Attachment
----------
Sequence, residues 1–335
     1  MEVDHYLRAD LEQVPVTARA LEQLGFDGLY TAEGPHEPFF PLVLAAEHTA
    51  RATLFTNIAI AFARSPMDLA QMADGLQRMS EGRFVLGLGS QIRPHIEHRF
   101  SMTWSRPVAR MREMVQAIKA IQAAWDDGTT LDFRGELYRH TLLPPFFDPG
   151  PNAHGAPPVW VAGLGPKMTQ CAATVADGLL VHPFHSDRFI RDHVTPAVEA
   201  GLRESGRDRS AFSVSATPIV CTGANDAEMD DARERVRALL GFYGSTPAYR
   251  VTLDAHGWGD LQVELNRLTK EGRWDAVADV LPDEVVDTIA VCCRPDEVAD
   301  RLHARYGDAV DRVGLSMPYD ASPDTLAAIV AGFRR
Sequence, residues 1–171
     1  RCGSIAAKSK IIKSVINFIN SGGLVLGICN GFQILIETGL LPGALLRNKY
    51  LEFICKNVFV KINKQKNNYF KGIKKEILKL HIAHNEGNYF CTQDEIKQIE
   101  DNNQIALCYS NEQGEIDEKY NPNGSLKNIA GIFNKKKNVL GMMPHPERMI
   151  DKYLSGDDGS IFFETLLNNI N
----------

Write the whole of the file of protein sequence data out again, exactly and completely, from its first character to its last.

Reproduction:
Sequence, residues 1–335
     1  MEVDHYLRAD LEQVPVTARA LEQLGFDGLY TAEGPHEPFF PLVLAAEHTA
    51  RATLFTNIAI AFARSPMDLA QMADGLQRMS EGRFVLGLGS QIRPHIEHRF
   101  SMTWSRPVAR MREMVQAIKA IQAAWDDGTT LDFRGELYRH TLLPPFFDPG
   151  PNAHGAPPVW VAGLGPKMTQ CAATVADGLL VHPFHSDRFI RDHVTPAVEA
   201  GLRESGRDRS AFSVSATPIV CTGANDAEMD DARERVRALL GFYGSTPAYR
   251  VTLDAHGWGD LQVELNRLTK EGRWDAVADV LPDEVVDTIA VCCRPDEVAD
   301  RLHARYGDAV DRVGLSMPYD ASPDTLAAIV AGFRR
Sequence, residues 1–171
     1  RCGSIAAKSK IIKSVINFIN SGGLVLGICN GFQILIETGL LPGALLRNKY
    51  LEFICKNVFV KINKQKNNYF KGIKKEILKL HIAHNEGNYF CTQDEIKQIE
   101  DNNQIALCYS NEQGEIDEKY NPNGSLKNIA GIFNKKKNVL GMMPHPERMI
   151  DKYLSGDDGS IFFETLLNNI N